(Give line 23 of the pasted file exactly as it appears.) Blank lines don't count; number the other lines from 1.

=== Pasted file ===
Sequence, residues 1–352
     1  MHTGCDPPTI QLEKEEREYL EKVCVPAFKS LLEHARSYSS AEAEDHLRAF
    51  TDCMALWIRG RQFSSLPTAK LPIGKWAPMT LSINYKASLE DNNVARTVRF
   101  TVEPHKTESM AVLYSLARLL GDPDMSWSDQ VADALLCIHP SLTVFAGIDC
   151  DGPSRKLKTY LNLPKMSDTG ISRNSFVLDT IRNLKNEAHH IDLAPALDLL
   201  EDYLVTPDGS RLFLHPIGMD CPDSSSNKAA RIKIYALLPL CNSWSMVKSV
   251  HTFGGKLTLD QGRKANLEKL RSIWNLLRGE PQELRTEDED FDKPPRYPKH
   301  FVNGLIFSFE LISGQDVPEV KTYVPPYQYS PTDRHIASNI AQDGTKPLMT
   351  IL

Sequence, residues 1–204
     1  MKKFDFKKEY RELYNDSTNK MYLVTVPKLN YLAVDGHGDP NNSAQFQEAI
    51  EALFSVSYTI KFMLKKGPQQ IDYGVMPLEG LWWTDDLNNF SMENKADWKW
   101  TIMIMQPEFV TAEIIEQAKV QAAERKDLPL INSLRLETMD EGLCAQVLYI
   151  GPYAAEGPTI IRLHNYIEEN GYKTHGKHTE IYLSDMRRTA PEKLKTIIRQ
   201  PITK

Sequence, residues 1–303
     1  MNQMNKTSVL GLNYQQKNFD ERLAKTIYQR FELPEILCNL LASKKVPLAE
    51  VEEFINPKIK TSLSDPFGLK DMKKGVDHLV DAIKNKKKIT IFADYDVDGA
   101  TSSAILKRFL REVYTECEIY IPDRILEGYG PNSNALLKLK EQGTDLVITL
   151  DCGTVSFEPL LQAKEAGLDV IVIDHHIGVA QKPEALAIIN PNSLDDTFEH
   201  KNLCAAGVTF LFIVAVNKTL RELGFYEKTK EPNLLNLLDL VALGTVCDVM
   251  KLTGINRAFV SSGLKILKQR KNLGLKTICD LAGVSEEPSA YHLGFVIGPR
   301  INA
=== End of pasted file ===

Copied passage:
   301  INA